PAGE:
Thursday, March 27, 2008
Monday, March 24, 2008
Despite having run Vista for 9 months now, it wasn’t until playing with 2008 that I finally felt the need to draw a pretty map of a network.
Firstly, I tried to enable ‘Network Discovery’ in 2008’s ‘Network and Sharing Center’ by selecting ‘Turn on network discovery’ and clicking ‘Apply’. The default setting of ‘custom’ was preserved. I could turn off Network discovery, but the nearest I could get to turning it on, was ‘custom’.
After a lot of googling I finally got ‘network discovery’ to stay on by enabling 2 services –
‘SSDP Discovery’ and ‘UPnP Device Host’. These changes meant that 2 new entries appeared in the Network list, namely tsclient (presumably representing a terminal service) and my Netgear router).
To see the network map in either Vista or 2008, go to ‘Network and Sharing Center’ and click the ‘View full map’ in the top right of the window. My first attempt from a Vista laptop is shown here >
Not much of a network map, I’m sure you’ll agree.
On powering up the rest of my network, the situation only improved slightly with the addition of the 2008 box.
Getting XP & 2003 ‘on the map’...
Wikipedia provides a concise explanation that Network mapping is provided by the Link Layer Topology Discovery protocol or LLTD (like we need another acronym…) (http://en.wikipedia.org/wiki/Link_Layer_Topology_Discovery)
The Vista & 2008 Os' use LLTD to provide the map. Basically I needed to install LLTD on pre vista/2008 clients. For XP, this was simple enough. XP has an update to install the LLTD protocol (kb922120) http://support.microsoft.com/kb/922120/
For 2003, no such update exists, so the issue has to be forced >1) Run the KB922120 installer on the 2003 machine (it is going to fail, but stick with me here...)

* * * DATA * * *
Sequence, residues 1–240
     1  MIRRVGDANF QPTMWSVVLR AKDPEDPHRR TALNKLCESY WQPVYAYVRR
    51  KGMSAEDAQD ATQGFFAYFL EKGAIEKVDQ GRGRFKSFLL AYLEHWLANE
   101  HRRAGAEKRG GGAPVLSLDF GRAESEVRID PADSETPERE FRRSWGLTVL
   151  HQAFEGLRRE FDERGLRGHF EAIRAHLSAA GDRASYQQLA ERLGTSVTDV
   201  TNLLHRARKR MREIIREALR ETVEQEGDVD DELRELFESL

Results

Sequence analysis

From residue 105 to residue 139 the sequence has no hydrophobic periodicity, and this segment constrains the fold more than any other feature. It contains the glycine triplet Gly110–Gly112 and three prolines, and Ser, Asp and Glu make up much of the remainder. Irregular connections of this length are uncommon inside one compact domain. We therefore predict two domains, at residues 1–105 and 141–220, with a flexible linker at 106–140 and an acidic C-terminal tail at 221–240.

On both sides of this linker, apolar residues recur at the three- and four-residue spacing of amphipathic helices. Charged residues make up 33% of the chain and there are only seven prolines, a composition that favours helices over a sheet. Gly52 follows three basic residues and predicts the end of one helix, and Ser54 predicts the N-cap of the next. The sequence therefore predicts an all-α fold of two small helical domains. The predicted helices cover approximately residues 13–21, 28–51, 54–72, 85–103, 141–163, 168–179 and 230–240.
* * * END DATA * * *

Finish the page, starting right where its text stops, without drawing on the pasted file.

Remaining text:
2) Ignore the error message, but dont press OK to quit the installer.
3) Look on the root of your drive for a crazily named installer folder (was 4e3502ace711713573322646a0e29dbb on mine) and copy the contents elsewhere.
4) Now press OK to quit the installer.
5) Configure your nic (right click network card and select properties).
6) Add a protocol, go to 'have disk' and navigate to wherever the installer files are saved.
7) From the SPCGDR\IP\ subfolders locate the .inf file and click OK.
This will install LLTD and the 2003 box will now be part of the network map.
My 2008 Network Map >
My Vista Network Map >
Wednesday, March 19, 2008
2) Expand tree branches as follows -
Computer Configuration > Windows Settings > Security Settings > Account Policies > Password Policy
Set 'Maximum password age' to 0 to disable expiry totally.
Tuesday, March 18, 2008
Saturday, March 15, 2008
The SQL log rapidly started recording these entries >
Login failed for user 'NT AUTHORITY\ANONYMOUS LOGON'. [CLIENT: 172.27.0.9] Error: 18456, Severity: 14, State: 11.
State 11 means ' Valid login but server access failure '. Hardly helpful.
Ignoring (for now) the fact that the we are using windows authentication for SCCM to connect to SQL.
Multiple posts on the web suggest investigating SPNs if faced with authentication issues.
By changing the service account, SQL has attempted to register a new SPN to associate the service, machine name (FQDN form) and port number together.
To check SPNs present use >
setspn -L servername
Due to the foresight of network admins, the new service account does have rights to register an SPN. The problem now is that there are 2 SPNs for the service on the server, each using different accounts. In a nutshell, AD connections wont know which to use.
Basically, we need to remove the original SPN >
setspn -D ServiceClass/Host:Port AccountName
What I've learnt >
Changing the Service Account on a SQL box? Delete the old SPN...
Friday, March 14, 2008
Start > Run > gpedit.msc
Computer Configuration > Windows Settings > Security Settings > Local Policies > Security Options
'User Access Control' policies are at the bottom of the right hand pane.
Changing them requires a reboot to take effect.
Update Jan 09 - UAC Policy settings explained here >
Tuesday, March 11, 2008
If the application is your own however, i.e. you are controlling the schema design, you can add the CHECKSUM as a computed column.
USE Adventureworks go ALTER TABLE Person.Contact ADD RSVersion AS (CHECKSUM(ContactID ,NameStyle ,Title ,FirstName ,MiddleName ,LastName ,Suffix ,EmailAddress ,EmailPromotion ,Phone ,PasswordHash ,PasswordSalt) ) PERSISTED NOT NULL go
1) You cannot include a computed column in the defintion for a further computed column.
2) You cannot do CHECKSUM(*) in a computed column definition.
3) You CAN however, add indexes to computed columns :)
Indexes on Computed Columns: Speed Up Queries, Add Business Rules
SQL Server Computed Columns